Commentators coming after the Mishnah tried to understand how it was that this erotic poem became part of the canon, and caused the revered Akiva to proclaim it the holiest of writings. The answer they give is that the book should not be read in a straightforward manner as a love poem at all. It should be read instead as an allegory to depict the relationship of God to the Jewish people. Ibn Ezra writes, “God forbid that one construe this as a love song or as anything but a metaphor.”
The case of Song of Songs is instructive. Song of Songs, which certainly counts as a Jewish text, is not a typical Jewish text content-wise: God is completely left out of it. However, its later interpreters claimed that it was all about the central Jewish experience of God and Israel. Which is to say that in determining what is a Jewish text, it is often interpreters who may come along centuries after a text was written who determine its Jewish status.
Take the case of the writings of Spinoza. At the time he lived, he was excommunicated by the rabbinic authorities because he rejected religious claims of eternal truths in favor of reason. But at different times and in different places, Spinoza has been resurrected as a Jewish writer. During the French revolution, for example, Spinoza’s claim that a state should not be grounded in a given religion, but should allow citizens to make the choice of what religion to believe–what we call separation of church and state–was used by Jews to claim they could be good French citizens and still be Jews.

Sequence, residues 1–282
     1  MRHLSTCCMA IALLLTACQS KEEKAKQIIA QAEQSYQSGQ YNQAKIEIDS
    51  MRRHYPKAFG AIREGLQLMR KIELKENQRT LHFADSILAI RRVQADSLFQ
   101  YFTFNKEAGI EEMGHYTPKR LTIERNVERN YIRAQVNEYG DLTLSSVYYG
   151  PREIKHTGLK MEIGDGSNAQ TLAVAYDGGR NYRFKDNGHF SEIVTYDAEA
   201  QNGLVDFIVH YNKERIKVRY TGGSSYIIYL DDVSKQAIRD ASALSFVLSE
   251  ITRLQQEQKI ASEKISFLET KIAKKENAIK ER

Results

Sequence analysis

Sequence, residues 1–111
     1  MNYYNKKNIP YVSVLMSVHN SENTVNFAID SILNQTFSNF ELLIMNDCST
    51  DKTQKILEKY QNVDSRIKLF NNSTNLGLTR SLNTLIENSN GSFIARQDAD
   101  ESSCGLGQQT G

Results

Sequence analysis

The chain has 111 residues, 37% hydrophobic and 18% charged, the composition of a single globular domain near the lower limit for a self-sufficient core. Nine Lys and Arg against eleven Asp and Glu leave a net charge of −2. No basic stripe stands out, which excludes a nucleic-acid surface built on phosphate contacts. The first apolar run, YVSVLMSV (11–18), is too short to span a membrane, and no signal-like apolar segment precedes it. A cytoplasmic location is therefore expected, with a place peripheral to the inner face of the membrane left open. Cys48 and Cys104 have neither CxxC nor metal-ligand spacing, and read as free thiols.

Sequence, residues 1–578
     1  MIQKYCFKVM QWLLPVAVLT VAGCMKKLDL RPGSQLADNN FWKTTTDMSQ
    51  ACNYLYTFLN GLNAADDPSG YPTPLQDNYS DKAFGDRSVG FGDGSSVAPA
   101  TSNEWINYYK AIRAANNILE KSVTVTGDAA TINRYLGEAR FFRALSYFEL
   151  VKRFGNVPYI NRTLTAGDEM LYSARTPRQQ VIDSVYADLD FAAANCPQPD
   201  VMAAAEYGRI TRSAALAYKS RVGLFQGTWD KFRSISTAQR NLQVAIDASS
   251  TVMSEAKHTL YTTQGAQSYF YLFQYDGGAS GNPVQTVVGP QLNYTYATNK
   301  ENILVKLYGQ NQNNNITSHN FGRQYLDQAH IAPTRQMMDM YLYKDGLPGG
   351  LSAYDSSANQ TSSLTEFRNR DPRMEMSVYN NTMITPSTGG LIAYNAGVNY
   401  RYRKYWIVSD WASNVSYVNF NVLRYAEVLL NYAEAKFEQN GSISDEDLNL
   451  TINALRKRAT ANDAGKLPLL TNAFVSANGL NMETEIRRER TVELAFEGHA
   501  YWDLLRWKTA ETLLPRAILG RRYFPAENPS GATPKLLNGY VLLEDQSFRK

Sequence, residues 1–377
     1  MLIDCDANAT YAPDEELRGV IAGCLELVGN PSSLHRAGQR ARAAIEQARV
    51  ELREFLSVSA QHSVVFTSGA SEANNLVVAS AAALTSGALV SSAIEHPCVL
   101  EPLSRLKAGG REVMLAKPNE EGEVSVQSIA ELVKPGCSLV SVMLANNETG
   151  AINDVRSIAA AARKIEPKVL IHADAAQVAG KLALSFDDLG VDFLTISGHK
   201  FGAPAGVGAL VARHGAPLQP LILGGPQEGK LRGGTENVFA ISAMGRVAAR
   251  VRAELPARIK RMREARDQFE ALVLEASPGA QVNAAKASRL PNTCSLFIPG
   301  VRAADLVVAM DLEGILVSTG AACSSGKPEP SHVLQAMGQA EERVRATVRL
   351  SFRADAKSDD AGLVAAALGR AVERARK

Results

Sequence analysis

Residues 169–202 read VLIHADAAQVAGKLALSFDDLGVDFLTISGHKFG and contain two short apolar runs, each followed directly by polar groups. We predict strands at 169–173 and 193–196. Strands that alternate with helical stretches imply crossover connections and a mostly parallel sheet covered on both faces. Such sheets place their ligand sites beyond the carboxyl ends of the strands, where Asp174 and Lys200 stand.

Similar to Spinoza’s fate is the books of the Maccabees, the four books retelling the revolution that the Maccabees led to free Israel from the Syrian Greeks. The Rabbis did not include these books in the Hebrew Bible; the books of the Maccabees are included, however, in the Christian Bible. Are they Jewish texts? The Rabbis of the Talmud, famously, only bring up the holiday of Hanukkah in the middle of a discussion about Shabbat. There they do not even mention the stories of rebellion told in Maccabees, and instead they tell the story of a jar of oil that was meant to last one day miraculously lasting eight days. With historical hindsight, we can suggest that the Rabbis of the Talmud did not include the books of the Maccabees as part of the canon because the books suggest armed revolution against the authorities, and for a group of people living under Roman rule, extolling these qualities may have been dangerous. Instead, the Rabbis focus on God’s miraculous power to make the jar of oil last eight days. However, in our time, we can most certainly see the books of the Maccabees as Jewish texts.